Were you a doodler in high school too? If you were, you'd probably benefit from (and be good at) making mandalas!
I've always found doodling, drawing circles, or even a spiral outward from a central point to be very meditative and calming. In fact, I used to swear that doodling and creating mandalas helped my brain pay attention in math class and church; so much so, that I devoted my senior year art concentration on mandalas!
So I am very excited about my new class, Making Mandalas!! It's a creative journey into the magic of mandalas for healing, reflection, and enjoyment.
Mandalas been my "go-to" subject since I first began to draw flowers, shapes and lines. But it wasn't until I did the Moondala cards from Spirit De La Lune that I figured out exactly why I liked mandalas so much. They bring me into a nice meditative and calm state. In fact, a simple mandala is a very fast way to bring me to my center. Depending on the theme or intention behind the mandala, I can access that state deeper and find out things about myself.
While painting this mandala, I really came to realize how much I've missed teaching art! When I got laid off from teaching high school a fear years back, some major blockages came up. It was during the making of this mandala that I was able to uncover what exactly it was that was blocking me from wanting to teach art again. I was able to get into a safe rhythm, and work through the fears and blockages.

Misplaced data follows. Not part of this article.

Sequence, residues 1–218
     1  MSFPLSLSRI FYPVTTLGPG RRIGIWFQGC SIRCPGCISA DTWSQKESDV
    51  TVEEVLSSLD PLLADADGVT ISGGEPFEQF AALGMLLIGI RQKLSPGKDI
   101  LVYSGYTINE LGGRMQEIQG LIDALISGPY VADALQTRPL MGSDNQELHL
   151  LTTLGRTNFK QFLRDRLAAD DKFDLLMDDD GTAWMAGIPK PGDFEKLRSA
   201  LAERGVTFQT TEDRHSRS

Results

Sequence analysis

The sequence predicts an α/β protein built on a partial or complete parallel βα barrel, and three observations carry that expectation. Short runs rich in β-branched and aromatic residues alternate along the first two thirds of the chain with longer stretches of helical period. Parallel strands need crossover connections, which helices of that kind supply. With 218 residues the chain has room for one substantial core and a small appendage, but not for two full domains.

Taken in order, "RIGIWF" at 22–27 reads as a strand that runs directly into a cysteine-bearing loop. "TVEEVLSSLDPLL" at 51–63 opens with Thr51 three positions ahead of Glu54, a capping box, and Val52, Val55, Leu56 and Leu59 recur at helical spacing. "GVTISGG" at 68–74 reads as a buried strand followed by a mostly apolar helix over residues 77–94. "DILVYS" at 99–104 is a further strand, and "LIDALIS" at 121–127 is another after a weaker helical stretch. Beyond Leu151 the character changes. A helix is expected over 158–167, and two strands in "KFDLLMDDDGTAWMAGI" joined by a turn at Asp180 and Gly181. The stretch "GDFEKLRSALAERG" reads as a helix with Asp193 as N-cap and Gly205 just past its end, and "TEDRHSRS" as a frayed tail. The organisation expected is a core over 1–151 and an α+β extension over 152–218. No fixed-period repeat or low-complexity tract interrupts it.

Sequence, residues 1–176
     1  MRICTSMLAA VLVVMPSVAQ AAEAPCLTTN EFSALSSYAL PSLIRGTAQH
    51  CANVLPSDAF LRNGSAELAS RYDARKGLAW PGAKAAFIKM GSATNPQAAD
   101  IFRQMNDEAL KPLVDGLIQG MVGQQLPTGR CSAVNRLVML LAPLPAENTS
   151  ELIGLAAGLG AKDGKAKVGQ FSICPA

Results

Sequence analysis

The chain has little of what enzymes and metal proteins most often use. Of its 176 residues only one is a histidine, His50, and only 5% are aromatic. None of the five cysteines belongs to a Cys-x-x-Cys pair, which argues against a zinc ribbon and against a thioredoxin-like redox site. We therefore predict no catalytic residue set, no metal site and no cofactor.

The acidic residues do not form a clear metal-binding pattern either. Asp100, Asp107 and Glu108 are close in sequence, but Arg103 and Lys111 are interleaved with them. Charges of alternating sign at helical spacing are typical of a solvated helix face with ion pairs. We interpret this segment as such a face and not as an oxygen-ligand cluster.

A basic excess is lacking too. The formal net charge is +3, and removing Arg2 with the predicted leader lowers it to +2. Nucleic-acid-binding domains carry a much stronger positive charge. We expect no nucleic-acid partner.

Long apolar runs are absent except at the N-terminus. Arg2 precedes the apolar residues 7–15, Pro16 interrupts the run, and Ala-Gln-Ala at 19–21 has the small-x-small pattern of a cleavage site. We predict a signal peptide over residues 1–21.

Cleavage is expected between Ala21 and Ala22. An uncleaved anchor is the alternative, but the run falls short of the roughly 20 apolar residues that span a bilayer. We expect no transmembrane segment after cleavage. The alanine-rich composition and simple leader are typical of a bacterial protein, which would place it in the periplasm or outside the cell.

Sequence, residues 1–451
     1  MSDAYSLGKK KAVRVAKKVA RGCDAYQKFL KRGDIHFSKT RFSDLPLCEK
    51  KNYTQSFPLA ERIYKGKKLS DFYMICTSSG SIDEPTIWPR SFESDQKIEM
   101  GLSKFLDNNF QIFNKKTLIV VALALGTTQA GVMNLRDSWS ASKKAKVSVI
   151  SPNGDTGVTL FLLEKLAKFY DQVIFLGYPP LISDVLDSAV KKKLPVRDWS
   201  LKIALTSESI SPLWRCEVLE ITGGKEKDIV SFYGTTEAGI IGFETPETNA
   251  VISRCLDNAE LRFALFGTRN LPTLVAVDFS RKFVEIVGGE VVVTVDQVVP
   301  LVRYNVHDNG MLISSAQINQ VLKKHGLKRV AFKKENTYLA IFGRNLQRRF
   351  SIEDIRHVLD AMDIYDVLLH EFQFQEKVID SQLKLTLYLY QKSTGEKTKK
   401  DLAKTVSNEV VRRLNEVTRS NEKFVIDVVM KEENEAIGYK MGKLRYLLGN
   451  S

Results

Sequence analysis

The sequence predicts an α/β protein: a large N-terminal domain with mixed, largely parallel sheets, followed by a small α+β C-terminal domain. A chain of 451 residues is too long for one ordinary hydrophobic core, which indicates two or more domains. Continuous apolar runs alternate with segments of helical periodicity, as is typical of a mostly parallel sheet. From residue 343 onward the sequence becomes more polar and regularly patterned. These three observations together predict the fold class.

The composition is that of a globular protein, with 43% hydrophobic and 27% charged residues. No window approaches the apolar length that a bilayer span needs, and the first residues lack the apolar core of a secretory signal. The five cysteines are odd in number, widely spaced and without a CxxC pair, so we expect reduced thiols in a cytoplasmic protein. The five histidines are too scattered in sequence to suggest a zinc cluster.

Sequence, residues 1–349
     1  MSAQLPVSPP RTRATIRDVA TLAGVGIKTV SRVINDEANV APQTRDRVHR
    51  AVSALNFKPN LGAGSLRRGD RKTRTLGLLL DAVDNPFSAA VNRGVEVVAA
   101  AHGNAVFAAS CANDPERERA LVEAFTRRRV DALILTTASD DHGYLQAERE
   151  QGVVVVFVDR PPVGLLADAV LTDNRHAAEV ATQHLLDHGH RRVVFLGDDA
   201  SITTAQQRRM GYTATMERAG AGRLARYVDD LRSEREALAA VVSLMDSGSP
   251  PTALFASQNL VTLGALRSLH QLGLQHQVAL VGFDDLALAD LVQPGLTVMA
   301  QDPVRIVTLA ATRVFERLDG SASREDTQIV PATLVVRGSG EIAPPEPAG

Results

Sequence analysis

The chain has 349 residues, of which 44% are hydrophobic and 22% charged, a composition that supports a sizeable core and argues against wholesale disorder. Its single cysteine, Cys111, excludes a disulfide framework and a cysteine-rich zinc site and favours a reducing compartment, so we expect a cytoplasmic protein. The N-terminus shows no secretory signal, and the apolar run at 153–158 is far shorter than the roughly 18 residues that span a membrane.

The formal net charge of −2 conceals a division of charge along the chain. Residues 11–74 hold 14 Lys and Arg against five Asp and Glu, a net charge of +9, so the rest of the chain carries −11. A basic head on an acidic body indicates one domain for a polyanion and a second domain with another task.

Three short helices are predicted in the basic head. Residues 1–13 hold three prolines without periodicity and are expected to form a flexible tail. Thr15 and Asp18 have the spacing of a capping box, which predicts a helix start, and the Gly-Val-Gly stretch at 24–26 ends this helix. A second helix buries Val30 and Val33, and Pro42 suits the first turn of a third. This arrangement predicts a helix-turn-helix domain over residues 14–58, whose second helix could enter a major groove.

Why Should You Make Mandalas?
Well, I'm not promising that mandalas will fix all of your problems, you'll still have to "do the work." But making mandalas can help you access a nice rhythm and create a sacred space for yourself. A mandala is an archetypal symbol of wholeness, and is a therapeutic art tool in aiding one to ground, and find their center. It is an offering we give as we uncover a part of ourselves.
Mandalas can be meticulously drawn to geometric perfection, or they can be intuitively splattered onto a canvas.
The message is usually a personal one that many are able to feel and see. Both the act of making and looking at mandalas can be healing.
Mandalas have long been used throughout the world for self-expression, and spiritual transformation. Examples of mandalas can be found in Native American healing rituals, Christian cathedrals and frescos, and intricately designed sand mandalas by Tibetan Monks.
Swiss psychologist C.G. Jung used Mandalas in his work as a psychiatrist. He believed the mandala to be a path to the higher self.
He is credited to with bringing the Eastern concept of the mandala to the Western world.
“ The mandala is an archetypal image whose occurrence is attested throughout the ages. It signifies the wholeness of the Self. This circular image represents the wholeness of the psychic ground or, to put it in mythic terms, the divinity incarnate in man.”
Mandalas are one of my favorite ways of bringing together spirituality, healing and art! Mandalas are fun, easy, and such a great way to express yourself too. Please join me in Making Mandalas!